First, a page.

South Boston Hardware & Power Equipment in South Boston, Va., has gone through many evolutions as a retail business since its early days. Current owner George Hayes’ in-laws the Halls bought a Western Auto franchise in the mid-1950s, carrying automotive, toys and bikes.
“People were just getting started with credit. When they got their tobacco crop they would pay off their debt,” explains George’s son John, who runs the store with him today. “Then the business went totally automotive.”
George started working in the business in 1976. In the early 1980s, they joined True Value and began offering a typical hardware assortment. They hung onto tires and batteries, and sold a lot of sporting goods bought through True Value. They used to do screen printing for uniforms, but that business dried up.
“The industry has changed through the years. Products come and go and you have to keep trying new things,” John points out.
“We’ve tried lot of different things over the years—trailers, motorcycles, fencing, dog pens. If you don’t try new items you die out,” explains George.
Small stores located in downtown areas also need to make sure they don’t get trapped by changing demographics, and that is a lesson that has been applied to South Boston Hardware.
In 1987, they bought a lot and moved from their little downtown store to a new 10,000-square-foot ground-up store. They were still in the downtown area, but they had their own parking, a basement for storage and the building was located on the bypass with lots of traffic.
The latest transformation came in the 1990s when they took on Kawasaki outdoor power equipment and started getting into the newest OPE trend: zero-turn mowers.
“We’ve really evolved over the last 10 to 15 years to specialize in outdoor power equipment due to the development of the zero-turn mowers,” says John. “Outdoor power equipment has evolved into a real niche. We did offer garden rental equipment for a time, but that’s played out.”
New Emphasis on Hardware
When the recession hit in 2008, it became increasingly difficult to find people interested in spending $10,000 on a utility vehicle. Increased emphasis on mowers and hand-held power equipment helped the business survive the economic downturn, but fewer customers were viewing them as a destination for hardware.
Lowe’s had opened in South Boston, while Home Depot opened stores in nearby Danville and South Hill, Va. Walmart is three miles down the road and they are surrounded by dollar stores.
With their ability to continue competing in core hardware categories at risk, a fortuitous event happened—they got a visit from Bill Barnette, regional manager for House-Hasson.
“We really liked Bill Barnette’s personality and what he showed us. It seemed like House-Hasson had a lot to offer us,” says George.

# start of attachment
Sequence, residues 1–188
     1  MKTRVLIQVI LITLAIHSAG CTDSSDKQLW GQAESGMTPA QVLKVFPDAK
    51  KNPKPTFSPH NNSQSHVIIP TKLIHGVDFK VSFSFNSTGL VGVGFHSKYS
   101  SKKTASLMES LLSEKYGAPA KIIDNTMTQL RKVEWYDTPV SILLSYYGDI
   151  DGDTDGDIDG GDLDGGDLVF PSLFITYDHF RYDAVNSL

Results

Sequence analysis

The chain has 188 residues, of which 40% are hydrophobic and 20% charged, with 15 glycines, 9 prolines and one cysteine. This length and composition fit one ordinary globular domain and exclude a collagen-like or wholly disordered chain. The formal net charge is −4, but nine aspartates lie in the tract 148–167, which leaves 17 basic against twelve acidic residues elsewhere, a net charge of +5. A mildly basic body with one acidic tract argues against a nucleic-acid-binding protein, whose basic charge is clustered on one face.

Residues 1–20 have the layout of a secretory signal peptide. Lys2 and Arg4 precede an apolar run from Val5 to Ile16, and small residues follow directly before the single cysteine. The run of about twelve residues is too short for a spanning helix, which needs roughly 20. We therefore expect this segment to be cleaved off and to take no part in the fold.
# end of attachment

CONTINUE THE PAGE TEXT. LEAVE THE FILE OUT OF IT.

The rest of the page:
They signed up with House-Hasson last fall and had them come in and do a merchandise plan and reset of the hardware categories. “They helped with the remodel and had a lot of good ideas for how we could boost that part of our business,” says John.
They spent a fair amount of time getting the store design just right. “We decided to have lawn and garden and outdoor power equipment on the left side and core hardware on the right side and back middle,” explains George. “We really beefed up our plumbing and electrical departments.”
Going through the assortment planning process forced them to evaluate the business with a critical eye. “We cannot be everything to everyone. If we can offer customers the basics for DIY stuff then we’re relevant,” George says.
“We got away from our roots in hardware. We didn’t have a strong electrical and hardware department, and our tool selection was shabby. House-Hasson helped us remerchandise those categories so we’re strong again,” John adds.
“House-Hasson just has a good selection of everything. You can customize circulars so you’re not forced to stock an item,” notes George. He says they enjoyed attending the dealer market last fall, playing in the golf tourney and finding some good buys.
Steve Martin is their territory manager for House-Hasson, and he has helped them adjust to having a new hardware supplier. “He does a nice job for us and is getting us up to speed with Etoolbox and ordering with CipherLab,” George says.
They still sell ATVs, utility vehicles, go karts and scooters, as well as Cooper tires. They are an authorized dealer for Toro, Cub Cadet, Scag, Exmark and Echo power equipment. Scag was a new addition this year.
Their key to success in OPE is having a good parts and service department that assembles and repairs power equipment.
“We excel in convenience and service and now have a nice assortment of products,” says George. “We try to give good service, treat people fairly and provide good value. You can’t make it on one-time customers.”
As George points out, their saving grace over the years has been their experienced, knowledgeable staff. “Our manager, Doug Bolles, has been here over 40 years and I’ve been here 42 years. We know customers by their first name.”
With House-Hasson’s help, they are back in the hardware game.